NYPD cop O'Neill visits CUNY/Daily News Citizenship Now! call-in

NYPD Commissioner James O’Neill made history Thursday by becoming the first top cop to visit the CUNY/Daily News Citizenship Now! hotline headquarters.

O’Neill’s appearance came four months after he defied the Trump administration by announcing that the NYPD will not enforce warrants issued by federal immigration officials.

“I think especially in 2017, it’s important that I’m here,” O’Neill said.

“The NYPD is looking to build trust throughout the city and I think programs like this help us with that. We don’t conduct civil immigration enforcement and we’re not going to do it.”

DiNapoli hails volunteers at Citizenship Now! center as ‘heroes’

Citizenship Now! Director Allan Wernick hailed O’Neill’s visit.

NYC PAPERS OUT. Social media use restricted to low res file max 184 x 128 pixels and 72 dpi

Editor-in-Chief of the New York Daily News Arthur Brown (r.) introduces NYPD Police Commissioner James O’Neill (2nd from r.) at the 15th Annual Citizenship Now! hotline headquarters.

(Anthony DelMundo/New York Daily News)

“It’s a statement to New Yorkers and immigrants but also to police forces across the nation,” said Wernick, who is also The News’ immigration columnist.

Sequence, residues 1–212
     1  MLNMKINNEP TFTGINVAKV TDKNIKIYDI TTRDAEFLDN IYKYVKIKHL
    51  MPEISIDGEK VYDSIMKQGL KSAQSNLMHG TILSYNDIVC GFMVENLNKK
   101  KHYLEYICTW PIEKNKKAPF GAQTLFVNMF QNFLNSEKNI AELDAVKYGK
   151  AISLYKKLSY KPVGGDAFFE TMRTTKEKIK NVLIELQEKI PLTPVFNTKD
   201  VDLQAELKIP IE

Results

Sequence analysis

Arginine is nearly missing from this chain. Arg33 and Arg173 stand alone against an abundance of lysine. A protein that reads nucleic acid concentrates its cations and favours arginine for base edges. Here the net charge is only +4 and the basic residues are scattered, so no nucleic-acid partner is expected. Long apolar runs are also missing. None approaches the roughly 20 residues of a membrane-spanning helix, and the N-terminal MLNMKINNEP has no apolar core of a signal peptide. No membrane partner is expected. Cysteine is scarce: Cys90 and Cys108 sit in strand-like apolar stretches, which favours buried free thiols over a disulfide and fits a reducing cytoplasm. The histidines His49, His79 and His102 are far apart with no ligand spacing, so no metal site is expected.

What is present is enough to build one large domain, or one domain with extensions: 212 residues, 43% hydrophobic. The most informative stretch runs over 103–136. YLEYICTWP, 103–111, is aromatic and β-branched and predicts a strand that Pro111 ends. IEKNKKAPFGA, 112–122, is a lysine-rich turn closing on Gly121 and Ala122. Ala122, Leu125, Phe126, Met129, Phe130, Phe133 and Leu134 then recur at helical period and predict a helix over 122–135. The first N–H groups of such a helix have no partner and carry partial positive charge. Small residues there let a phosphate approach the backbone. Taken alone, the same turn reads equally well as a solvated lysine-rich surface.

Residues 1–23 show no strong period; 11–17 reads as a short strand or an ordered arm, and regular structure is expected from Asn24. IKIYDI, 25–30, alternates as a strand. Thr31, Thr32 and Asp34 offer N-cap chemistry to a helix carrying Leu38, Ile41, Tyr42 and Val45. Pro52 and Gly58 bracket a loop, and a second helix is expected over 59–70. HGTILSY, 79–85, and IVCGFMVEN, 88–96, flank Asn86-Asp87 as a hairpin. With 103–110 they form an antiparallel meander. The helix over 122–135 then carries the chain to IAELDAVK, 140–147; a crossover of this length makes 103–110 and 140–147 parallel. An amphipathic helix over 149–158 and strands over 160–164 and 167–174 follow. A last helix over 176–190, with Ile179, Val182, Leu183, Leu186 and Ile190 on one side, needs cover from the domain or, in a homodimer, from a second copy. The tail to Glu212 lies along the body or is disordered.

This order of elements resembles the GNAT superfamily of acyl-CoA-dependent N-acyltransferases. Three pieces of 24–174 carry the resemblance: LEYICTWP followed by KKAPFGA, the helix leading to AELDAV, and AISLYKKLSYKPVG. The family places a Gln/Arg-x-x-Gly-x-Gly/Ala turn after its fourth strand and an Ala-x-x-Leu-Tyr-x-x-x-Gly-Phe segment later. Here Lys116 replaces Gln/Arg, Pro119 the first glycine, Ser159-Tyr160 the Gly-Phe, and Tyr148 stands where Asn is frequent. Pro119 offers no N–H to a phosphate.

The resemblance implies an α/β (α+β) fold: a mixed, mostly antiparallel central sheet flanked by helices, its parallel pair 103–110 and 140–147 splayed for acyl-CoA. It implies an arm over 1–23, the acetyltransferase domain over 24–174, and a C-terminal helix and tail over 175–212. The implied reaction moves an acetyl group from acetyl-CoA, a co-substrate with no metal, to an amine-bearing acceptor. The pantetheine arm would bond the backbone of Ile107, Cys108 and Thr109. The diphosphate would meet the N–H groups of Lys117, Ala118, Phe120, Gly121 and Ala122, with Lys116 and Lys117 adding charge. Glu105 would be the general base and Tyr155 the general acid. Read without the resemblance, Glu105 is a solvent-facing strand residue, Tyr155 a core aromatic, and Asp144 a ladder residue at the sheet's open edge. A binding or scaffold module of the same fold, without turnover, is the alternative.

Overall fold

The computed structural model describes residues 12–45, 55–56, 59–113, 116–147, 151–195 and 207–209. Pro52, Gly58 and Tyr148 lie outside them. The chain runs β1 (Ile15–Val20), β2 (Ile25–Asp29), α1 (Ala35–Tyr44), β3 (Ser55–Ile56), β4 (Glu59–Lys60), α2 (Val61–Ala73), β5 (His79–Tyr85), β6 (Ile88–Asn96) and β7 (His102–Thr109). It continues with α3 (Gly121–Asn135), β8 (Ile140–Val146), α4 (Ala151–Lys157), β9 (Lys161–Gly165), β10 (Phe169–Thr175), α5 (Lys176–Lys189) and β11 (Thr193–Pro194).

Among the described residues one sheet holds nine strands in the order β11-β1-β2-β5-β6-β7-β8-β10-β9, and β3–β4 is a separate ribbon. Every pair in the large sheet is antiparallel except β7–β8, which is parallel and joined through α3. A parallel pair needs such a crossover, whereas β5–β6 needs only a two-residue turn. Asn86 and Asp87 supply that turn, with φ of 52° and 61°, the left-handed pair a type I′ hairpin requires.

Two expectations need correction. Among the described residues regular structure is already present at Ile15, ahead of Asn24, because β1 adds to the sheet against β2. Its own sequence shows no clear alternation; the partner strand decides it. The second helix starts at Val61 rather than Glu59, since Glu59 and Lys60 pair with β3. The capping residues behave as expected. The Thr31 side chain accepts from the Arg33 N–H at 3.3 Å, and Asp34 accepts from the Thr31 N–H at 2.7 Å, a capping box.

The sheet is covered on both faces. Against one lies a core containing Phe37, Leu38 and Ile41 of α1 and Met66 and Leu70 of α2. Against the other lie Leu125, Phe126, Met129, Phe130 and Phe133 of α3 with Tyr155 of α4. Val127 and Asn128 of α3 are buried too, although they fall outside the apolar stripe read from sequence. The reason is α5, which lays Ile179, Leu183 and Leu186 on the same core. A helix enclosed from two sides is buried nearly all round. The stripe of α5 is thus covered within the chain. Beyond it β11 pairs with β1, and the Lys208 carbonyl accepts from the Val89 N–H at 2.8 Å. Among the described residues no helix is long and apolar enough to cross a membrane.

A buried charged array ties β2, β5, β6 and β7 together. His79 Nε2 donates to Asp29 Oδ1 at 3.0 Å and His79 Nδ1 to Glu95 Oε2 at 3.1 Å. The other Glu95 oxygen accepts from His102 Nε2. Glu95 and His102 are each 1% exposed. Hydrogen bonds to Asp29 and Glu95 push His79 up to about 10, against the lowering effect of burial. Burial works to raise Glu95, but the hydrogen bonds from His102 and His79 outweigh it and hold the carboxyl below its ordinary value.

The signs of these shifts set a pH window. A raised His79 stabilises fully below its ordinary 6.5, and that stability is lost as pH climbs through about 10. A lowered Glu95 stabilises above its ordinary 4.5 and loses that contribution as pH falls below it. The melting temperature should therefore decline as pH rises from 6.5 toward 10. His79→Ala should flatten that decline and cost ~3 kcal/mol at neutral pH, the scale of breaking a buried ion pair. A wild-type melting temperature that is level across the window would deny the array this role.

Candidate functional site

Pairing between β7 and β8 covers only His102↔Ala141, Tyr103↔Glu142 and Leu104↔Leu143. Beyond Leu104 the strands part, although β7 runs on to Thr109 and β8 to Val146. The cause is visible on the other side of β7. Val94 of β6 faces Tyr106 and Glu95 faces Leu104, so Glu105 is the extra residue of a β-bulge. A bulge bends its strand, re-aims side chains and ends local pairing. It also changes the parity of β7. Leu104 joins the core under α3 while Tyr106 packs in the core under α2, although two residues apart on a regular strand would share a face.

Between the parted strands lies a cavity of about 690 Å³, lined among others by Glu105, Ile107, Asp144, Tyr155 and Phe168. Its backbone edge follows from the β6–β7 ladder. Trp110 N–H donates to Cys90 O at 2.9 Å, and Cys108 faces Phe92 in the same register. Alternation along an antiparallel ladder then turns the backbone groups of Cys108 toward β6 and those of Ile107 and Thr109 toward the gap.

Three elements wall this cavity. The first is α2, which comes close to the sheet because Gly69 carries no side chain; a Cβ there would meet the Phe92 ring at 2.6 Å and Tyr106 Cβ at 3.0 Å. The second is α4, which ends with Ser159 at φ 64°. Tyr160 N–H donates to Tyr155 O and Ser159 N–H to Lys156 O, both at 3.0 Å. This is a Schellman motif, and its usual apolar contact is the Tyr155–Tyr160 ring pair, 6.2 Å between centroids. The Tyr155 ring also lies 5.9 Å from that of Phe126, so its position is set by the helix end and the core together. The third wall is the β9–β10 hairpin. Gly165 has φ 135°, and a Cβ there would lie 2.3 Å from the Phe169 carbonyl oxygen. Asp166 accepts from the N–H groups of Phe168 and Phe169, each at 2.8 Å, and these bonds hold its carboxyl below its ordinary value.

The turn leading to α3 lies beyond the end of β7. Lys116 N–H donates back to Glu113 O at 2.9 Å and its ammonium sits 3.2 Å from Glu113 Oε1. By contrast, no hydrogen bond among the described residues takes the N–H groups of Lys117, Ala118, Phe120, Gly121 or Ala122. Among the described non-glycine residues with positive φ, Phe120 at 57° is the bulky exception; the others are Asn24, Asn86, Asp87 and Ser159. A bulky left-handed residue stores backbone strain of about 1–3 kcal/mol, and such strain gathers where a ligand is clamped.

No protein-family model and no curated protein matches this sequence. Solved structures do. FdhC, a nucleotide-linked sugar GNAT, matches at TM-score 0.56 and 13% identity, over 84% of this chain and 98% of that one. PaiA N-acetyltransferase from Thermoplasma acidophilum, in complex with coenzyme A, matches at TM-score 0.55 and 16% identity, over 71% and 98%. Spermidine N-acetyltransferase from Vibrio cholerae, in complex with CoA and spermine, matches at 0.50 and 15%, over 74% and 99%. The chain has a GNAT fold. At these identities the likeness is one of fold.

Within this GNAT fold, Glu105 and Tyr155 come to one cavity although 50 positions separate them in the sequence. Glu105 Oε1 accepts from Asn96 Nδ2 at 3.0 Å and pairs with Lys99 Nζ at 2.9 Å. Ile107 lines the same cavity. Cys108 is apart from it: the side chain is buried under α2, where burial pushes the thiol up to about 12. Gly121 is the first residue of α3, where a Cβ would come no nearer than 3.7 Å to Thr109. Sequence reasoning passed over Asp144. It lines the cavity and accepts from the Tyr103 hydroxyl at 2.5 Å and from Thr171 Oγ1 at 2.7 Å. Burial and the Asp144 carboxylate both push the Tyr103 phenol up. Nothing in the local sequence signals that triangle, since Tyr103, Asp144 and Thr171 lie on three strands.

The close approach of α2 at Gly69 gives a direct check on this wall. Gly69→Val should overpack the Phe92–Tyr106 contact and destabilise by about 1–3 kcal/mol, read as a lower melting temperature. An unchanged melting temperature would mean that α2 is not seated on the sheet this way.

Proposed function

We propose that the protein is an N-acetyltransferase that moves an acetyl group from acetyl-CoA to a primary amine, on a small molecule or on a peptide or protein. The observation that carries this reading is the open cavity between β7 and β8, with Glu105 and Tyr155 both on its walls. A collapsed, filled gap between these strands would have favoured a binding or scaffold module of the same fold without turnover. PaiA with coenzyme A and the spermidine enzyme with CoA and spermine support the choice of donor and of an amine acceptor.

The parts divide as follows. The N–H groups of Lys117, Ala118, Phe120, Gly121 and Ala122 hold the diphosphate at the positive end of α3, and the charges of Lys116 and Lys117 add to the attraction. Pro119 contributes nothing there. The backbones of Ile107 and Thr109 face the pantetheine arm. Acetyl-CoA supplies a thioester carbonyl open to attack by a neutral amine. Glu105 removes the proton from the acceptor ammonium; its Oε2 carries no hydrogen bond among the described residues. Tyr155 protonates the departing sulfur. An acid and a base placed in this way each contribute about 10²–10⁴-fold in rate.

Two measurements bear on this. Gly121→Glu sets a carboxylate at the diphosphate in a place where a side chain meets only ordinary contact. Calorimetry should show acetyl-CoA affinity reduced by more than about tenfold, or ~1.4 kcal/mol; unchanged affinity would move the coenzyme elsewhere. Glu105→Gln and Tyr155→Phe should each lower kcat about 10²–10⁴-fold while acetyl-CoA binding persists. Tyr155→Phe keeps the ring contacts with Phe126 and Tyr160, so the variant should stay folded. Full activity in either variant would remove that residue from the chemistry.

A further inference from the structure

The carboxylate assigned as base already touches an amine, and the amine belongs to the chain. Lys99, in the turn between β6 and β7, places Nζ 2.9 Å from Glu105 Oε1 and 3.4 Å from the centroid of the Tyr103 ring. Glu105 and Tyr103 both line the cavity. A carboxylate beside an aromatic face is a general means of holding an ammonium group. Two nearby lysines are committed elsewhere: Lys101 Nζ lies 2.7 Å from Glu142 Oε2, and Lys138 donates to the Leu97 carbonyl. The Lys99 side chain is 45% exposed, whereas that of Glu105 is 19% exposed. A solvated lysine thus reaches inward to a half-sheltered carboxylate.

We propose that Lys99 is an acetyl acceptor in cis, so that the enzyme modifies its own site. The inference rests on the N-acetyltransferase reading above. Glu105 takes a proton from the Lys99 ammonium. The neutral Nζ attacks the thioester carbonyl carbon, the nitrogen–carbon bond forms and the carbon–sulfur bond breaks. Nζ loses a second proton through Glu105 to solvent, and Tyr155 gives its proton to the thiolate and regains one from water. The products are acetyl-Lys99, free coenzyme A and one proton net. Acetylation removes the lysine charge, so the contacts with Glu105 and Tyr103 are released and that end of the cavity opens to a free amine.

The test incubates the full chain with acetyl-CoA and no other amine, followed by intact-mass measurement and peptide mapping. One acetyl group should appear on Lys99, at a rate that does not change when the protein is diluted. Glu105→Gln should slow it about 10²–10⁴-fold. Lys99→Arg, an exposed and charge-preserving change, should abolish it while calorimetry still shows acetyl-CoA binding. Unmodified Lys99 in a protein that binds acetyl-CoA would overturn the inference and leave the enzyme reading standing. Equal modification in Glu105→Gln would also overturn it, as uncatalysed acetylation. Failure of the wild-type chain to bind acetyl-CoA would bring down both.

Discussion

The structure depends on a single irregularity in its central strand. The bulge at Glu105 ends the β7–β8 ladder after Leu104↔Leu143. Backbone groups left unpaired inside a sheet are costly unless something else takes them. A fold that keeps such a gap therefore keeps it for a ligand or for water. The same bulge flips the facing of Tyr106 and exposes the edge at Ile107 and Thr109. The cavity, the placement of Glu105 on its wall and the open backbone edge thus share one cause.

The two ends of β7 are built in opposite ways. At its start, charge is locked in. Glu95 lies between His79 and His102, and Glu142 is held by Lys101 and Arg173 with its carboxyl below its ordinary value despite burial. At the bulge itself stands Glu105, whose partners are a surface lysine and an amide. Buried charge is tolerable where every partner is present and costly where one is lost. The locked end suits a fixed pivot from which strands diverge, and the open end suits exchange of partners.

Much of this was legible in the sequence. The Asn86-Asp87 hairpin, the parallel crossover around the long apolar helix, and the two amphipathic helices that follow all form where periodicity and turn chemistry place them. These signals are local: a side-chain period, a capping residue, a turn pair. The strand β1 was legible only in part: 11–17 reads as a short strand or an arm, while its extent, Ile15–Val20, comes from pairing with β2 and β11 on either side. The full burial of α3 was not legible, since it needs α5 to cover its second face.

The call-in service, in its 15th year, offers free advice to anyone with questions about immigration and citizenship.

The hotline — open from 10 a.m. to 8 p.m. through Friday — answered more than 2,900 calls Thursday. Since Monday, volunteers have handled nearly 10,500 inquiries.

Daily News/CUNY Citizenship Now! call-in open

Among the city politicians who attended Thursday were City Councilman Mathieu Eugene (D-Brooklyn) and Public Advocate Letitia James.

James hollered “Sí, se puede!” (Yes, we can) when she stepped into the Spanish-speaking call-in room.

In a nod to the Trump administration’s anti-immigrant stance, James told the volunteers a climate of fear now hangs over many city communities.

“We’re living in some really, really scary times,” James added.

Mayor de Blasio doles out legal advice to immigrants at call-in

“Right now, the power is in your hands to empower individuals, to inform them of their rights, to embolden them, and to let them know that immigrants and refugees are valued here.”

A Slovakia native now living in Queens, Mikcova-Malinakova was not yet a citizen when she began volunteering at Citizenship Now! call-ins in 2013.

The 24-year-old special needs teacher said studying immigration materials as a hotline volunteer put her on a path to pursuing citizenship.

“I went for the first call-in when my best friend, who was undocumented, asked me to come in, and ever since then I keep on coming,” Mikcova-Malinakova said.

TV judge Ana Maria Polo lends her support to Citizenship Now!

Mikcova-Malinakova said she takes special pride in helping provide answers to vexing immigration questions.

“Even just giving news to someone that might not be a candidate for becoming a green-card holder might help save them from applying and becoming someone who’s deportable,” she said.

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